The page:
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The Scrum Software Development Process for Small Teams

The Scrum Software Development Process for Small Teams

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The Scrum Software Development Process for Small Teams
The Scrum Software Development Process for Small Teams

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Published by: Hasan Tayyar BEŞİK on Jun 12, 2010
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July/August 2000 
0740-7459/00/$10.00 © 2000 IEEE
can be flexible and adaptable in definingand applying an appropriate variant of Scrum. This article describes our experienceimplementing this process.
Why Scrum?
As members of the Software TechnologyGroup, our group is responsible for intro-ducing new technologies and processes intoour organization at AG CommunicationSystems in Phoenix, Arizona. We researchnew approaches and sponsor their introduc-tion and growth. We also conduct develop-ment project checkups for ongoing projectsand postmortems for completed ones.In our periodic postmortems and check-ups, we noticed some recurring problemsfor our New Business Opportunity (NBO)projects. Figure 1 lists some comments aris-ing from projects at our organization thatfaced significant challenges.In the new telecommunications marketwhere our company operates, change isoverwhelming. Software developers have al-ways complained about changing require-ments, but in traditional approaches they as-sumed they would understand the require-ments before moving on to the next phase.In the current environment, however, proj-ect requirements might be unclear or un-known even as the project gets underway.Indeed, the market might not be defined—itmight even be that no one clearly under-stands the product under development.Most development teams respond with,“Make the chaos go away! Give us betterrequirements!” Unfortunately or not, chaosis the reality in this new business environ-
The Scrum SoftwareDevelopment Processfor Small Teams
Linda Rising and Norman S. Janoff,
 AG Communication Systems 
 In today’s softwaredevelopment environment,requirements oftenchange during the product develop-ment life cycle tomeet shifting business demands,creating endlessheadaches for development teams. We discussour experience inimplementing theScrum softwaredevelopment  process to addressthese concerns.
t AG Communication Systems, software development teamsrange in size from two to several hundred individuals. Intuitively,the development process that’s appropriate for very large teamswon’t work well for tiny teams and vice versa. In our organiza-tion, process diversity means adopting a flexible approach to developmentprocesses so that each team can apply what works best. In experimentingwith the Scrum software development process, we found that small teams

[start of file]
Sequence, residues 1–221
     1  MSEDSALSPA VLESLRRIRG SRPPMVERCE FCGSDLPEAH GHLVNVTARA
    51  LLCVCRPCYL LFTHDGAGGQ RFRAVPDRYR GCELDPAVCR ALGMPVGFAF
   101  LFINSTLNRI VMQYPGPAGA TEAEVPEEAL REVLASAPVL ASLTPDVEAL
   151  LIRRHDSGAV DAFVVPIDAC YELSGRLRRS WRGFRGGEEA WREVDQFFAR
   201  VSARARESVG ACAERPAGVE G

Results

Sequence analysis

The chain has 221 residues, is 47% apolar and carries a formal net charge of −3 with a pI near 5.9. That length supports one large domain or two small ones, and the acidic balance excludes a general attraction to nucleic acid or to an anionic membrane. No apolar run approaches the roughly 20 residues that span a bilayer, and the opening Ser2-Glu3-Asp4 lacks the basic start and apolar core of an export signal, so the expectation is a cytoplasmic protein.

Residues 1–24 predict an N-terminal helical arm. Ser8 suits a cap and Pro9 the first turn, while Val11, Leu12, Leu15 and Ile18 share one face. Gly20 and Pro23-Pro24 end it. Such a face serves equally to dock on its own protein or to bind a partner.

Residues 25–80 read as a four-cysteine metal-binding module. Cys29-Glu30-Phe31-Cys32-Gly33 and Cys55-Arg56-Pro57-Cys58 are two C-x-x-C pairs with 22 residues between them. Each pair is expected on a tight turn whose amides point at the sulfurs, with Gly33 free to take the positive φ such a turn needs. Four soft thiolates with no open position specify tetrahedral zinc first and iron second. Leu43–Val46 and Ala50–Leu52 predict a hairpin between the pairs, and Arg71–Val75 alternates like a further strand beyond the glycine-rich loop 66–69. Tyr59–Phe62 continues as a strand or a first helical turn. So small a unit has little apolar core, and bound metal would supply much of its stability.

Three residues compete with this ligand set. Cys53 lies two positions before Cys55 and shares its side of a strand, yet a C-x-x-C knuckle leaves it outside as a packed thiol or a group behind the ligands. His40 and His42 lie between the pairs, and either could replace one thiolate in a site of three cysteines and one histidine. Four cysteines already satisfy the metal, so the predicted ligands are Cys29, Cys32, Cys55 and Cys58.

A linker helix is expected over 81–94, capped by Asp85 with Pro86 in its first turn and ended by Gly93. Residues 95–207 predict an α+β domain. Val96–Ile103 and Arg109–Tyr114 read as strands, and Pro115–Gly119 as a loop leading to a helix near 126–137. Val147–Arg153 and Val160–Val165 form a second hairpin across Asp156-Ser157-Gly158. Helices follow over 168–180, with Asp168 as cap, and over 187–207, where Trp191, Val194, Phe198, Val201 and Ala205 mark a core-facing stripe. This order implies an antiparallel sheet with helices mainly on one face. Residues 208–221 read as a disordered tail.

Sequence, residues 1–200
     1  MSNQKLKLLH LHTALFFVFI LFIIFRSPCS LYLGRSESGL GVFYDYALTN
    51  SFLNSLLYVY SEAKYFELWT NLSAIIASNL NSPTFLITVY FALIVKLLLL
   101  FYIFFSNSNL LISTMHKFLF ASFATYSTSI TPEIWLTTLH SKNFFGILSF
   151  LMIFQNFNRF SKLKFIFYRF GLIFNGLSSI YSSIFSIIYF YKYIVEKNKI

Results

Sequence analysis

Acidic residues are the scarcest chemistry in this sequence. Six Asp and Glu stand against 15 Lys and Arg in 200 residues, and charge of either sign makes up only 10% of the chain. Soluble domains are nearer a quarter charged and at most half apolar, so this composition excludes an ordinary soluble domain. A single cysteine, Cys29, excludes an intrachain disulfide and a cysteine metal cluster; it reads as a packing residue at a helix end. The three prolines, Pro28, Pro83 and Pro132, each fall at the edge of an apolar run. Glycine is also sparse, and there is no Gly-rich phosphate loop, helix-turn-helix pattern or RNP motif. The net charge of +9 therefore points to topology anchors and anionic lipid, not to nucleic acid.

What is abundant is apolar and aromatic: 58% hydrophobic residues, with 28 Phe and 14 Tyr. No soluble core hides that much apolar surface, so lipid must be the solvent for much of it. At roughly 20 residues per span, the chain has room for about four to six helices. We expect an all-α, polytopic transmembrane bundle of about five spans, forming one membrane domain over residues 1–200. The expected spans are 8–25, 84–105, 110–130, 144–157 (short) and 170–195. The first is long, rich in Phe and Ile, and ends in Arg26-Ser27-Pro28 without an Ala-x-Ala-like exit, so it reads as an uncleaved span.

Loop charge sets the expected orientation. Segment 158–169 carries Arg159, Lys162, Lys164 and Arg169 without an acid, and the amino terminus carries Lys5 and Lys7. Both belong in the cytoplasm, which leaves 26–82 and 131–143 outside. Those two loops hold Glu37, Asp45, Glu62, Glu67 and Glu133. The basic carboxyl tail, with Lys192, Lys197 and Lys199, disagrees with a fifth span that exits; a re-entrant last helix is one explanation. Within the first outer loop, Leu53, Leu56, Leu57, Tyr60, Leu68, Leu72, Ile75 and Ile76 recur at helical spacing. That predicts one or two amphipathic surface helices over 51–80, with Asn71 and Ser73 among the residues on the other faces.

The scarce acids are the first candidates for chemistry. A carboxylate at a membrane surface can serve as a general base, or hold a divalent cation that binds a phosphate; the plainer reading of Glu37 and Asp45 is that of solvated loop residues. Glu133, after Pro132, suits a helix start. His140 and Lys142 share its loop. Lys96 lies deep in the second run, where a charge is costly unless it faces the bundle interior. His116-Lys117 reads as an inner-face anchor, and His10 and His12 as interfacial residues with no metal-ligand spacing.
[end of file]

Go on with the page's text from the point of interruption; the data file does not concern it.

process diversity
ment—as software developers we mustlearn how to meet customer needs and turnthis chaos to our advantage.In seeing that some of our NBO projectswere more successful than others, we strug-gled to examine the postmortem data to learnthe secrets of those successful projects. Hereare some comments from successful teams:
We did the first piece and then re-esti-mated—learn as you go!
We held a short, daily meeting. Onlythose who had a need attended.
The requirements document was high-level and open to interpretation, but wecould always meet with the systems en-gineer when we needed help.About this time, we discovered the ScrumWeb sites (www.controlchaos.com/safe andwww.jeffsutherland.org) and read a paperpresenting patterns for using the Scrum soft-ware development process from the 1998Pattern Language of Programming Confer-ence.
From the Scrum Web sites we learnedthat Scrum is a process for incrementallybuilding software in complex environments.Scrum provides empirical controls that al-low the development to occur as close to theedge of chaos as the developing organiza-tion can tolerate.The Scrum software development processdescribed in this article developed in a col-laboration between Advanced DevelopmentMethods and VMARK Software. Both com-panies were reporting breakthrough pro-ductivity. This approach overlapped signifi-cantly with what we saw in postmortems of successful projects. Our organization haslong used patterns successfully, not just fordesign but for organization and process aswell.
Many existing patterns supportedwhat we learned about Scrum and saw inthe postmortem data (see the “What’s a Pat-tern?” sidebar). For example, Scrum advo-cates the use of small teams—no more than10 team members. Jim Coplien’s “Size theOrganization” pattern recommends 10-per-son teams,
while Fred Brooks argues that“the small sharp team, which by commonconsensus shouldn’t exceed 10 people.”
Be-cause Brooks, Coplien, and postmortems of successful teams all support this and manyother Scrum tenets, we felt confident aboutundertaking a pilot project.Although most of our NBO teams weresmall, some had grown to exceed the limitof 10. We thought initially that we couldsimply divide larger teams into collectionsof smaller subteams, each no larger than 10.We found that when the subteams are inde-pendent and the interfaces well defined, thisworks. When the overlap is considerableand the interfaces poorly understood, the
July/August 2000 
In the late 1970s, two books appeared, written by Christopher Alexan-der and his building architect colleagues.
The Timeless Way of Building 
 A Pattern Language 
presented Alexander’s description of recurring problemsin creating cities, towns, neighborhoods, and buildings, and the solutions tothese problems.
He used the pattern form to document the problems andtheir solutions.
Each pattern describes a problem that occurs over and over again inour environment and then describes the core of the solution to that problem in such a way that you can use this solution a million timesover without ever doing it the same way twice.